New research has laid bare the challenges organisations face as they struggle with the fallout of Covid-19 #NeverMoreNeeded
The vast majority of social enterprises face financial threat over the next year, research has revealed.
Data released by Social Enterprise Scotland has shown 90% of social enterprises face a level of financial threat in the next 12 months.
The study builds on research undertaken by the Scottish Charity Regulator (OSCR) at the end of May, where 774 social enterprises responded to questions over how they have been affected by Covid-19.
It shows almost a third of social enterprises (232) quizzed said they face critical financial threat over the period. A further 468 said they face some financial threat.
The survey reports that in the next six months, 34% of organisations see a “critical” or “large” threat to their financial viability; 46% see a modest or small threat and 12% no threat or unsure. Around one in twelve (8%) of the organisations highlighted that financial viability was critical before three months.
Lockdown had a big impact on income, as more than half (62%) of the sector receives 50% or more of its income through trading, though this includes local authority contracting.
The survey notes that a significantly higher proportion of sports and recreation organisations (56%) and those working in culture and the arts (48%) reported to have stopped operations than overall (36%). Of those saying they were facing a critical threat in the next 12 months, 82 (35% of responders) were from arts organisations; 61 (25%) from sports and 118 (58%) from leisure and culture.
Unsurprisingly, 97% of social enterprises reported a negative impact on their organisation as a result of Covid-19, with 52% noting a disruption to their services. Furthermore, 83% noted that planned work or events were postponed or cancelled. Most have seen a marked increase in demand for their services, with only 13% reporting no increase in demand.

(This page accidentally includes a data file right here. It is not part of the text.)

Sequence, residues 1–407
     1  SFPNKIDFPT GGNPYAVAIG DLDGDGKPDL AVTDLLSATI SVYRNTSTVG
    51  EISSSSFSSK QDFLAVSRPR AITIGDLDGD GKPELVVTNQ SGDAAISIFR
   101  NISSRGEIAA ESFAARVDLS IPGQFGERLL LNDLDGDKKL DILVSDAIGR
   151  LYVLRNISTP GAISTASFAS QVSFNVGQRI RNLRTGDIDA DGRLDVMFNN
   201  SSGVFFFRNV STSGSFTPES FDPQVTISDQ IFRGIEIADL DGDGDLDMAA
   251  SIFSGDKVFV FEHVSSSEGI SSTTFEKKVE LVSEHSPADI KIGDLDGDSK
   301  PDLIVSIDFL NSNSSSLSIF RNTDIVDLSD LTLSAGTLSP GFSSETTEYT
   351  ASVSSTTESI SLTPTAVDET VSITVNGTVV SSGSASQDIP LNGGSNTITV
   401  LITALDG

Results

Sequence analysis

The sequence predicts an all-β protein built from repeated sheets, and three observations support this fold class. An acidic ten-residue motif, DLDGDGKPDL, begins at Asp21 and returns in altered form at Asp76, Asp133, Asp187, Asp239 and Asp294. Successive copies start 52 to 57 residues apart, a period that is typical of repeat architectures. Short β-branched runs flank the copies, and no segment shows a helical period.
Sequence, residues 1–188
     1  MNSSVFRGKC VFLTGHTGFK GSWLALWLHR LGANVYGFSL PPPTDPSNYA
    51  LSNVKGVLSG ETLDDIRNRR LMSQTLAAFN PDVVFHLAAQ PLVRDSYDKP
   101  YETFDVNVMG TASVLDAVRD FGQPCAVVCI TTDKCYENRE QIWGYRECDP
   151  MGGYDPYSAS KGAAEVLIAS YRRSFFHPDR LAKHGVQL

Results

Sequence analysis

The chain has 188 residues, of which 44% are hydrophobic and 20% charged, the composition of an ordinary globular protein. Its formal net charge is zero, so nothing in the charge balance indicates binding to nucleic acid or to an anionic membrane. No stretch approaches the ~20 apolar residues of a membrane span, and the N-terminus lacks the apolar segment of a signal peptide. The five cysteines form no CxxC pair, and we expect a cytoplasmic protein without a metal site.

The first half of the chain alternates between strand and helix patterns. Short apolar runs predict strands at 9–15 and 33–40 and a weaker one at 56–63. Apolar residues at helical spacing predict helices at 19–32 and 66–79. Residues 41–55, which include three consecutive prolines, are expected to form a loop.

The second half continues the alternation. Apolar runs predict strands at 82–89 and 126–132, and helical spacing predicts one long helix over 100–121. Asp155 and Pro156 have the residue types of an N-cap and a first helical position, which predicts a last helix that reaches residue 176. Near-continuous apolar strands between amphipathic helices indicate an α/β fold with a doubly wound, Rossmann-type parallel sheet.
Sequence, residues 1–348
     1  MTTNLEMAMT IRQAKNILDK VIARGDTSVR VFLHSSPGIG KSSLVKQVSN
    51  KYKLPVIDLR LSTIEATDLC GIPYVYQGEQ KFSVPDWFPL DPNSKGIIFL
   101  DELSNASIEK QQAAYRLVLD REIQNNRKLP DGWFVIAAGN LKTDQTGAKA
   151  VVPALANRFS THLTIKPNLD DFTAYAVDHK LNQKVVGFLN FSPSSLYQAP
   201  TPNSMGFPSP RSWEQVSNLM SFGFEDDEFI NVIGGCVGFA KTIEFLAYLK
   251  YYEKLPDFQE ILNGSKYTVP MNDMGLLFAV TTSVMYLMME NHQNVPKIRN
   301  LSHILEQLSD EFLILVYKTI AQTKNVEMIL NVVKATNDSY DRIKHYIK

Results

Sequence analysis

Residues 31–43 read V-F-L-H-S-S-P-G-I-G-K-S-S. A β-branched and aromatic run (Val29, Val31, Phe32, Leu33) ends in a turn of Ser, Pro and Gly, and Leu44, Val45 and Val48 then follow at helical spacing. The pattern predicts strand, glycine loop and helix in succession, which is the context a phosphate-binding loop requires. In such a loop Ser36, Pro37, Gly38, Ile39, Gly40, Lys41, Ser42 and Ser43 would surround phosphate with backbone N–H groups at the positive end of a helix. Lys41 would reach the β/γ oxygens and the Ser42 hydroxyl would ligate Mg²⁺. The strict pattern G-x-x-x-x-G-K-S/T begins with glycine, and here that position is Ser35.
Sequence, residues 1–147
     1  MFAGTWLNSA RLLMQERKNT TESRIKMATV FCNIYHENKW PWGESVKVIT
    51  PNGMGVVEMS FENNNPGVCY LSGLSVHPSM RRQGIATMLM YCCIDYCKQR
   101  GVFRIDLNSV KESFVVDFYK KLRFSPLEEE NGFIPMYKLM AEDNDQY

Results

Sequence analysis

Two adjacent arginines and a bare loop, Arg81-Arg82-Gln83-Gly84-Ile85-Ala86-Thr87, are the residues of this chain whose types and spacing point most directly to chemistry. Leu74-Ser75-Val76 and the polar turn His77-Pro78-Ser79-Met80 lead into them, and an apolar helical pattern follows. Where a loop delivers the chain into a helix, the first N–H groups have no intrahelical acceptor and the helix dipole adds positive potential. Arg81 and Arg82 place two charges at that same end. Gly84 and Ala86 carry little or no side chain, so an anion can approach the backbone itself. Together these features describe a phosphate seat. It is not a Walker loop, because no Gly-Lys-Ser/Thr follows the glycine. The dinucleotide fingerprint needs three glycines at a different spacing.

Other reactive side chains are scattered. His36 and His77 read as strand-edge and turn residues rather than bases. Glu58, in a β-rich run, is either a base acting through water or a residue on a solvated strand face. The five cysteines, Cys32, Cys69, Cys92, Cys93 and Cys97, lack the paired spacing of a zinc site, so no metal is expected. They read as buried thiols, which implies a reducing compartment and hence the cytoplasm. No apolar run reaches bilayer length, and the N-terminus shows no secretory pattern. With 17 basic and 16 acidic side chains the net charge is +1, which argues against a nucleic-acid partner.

The study also details what funds and support organisations have accessed, and how supported they have felt.
It concludes that certain organisations will need support to help Scotland recover from the pandemic.
It said: “There are many areas such as health, food and other direct services that have been a priority over the last few months, but over the next period, it is important to ensure that other organisations, including those operating across the arts, culture, sports and recreation are supported to ensure the overall wellbeing of the Scottish public.
“As we look at specific sectors in line with recovery efforts, we must also consider how future periods may affect their work and services. Expected rises in unemployment and subsequent income levels will no doubt have an effect on our communities and there will be a need for greater interventions from these organisations.
“Mental health, changes to the office environment and ongoing changes in our use of digital technology will impact the way social enterprises respond to support government, their communities, and their beneficiaries moving forwards.”
Social Enterprise Scotland said it will use the findings of the report to support the sector. A spokesperson said: “These findings have created new priorities for Social Enterprise Scotland and we are considering the partnerships and data insights that we need to inform and support the sustainability and long-term resilience of our sector. In particular, we are working with the Scottish Government, OSCR, Evaluation Support Scotland, and SCVO to ensure we can inform recovery efforts and resources to the organisations who need it.”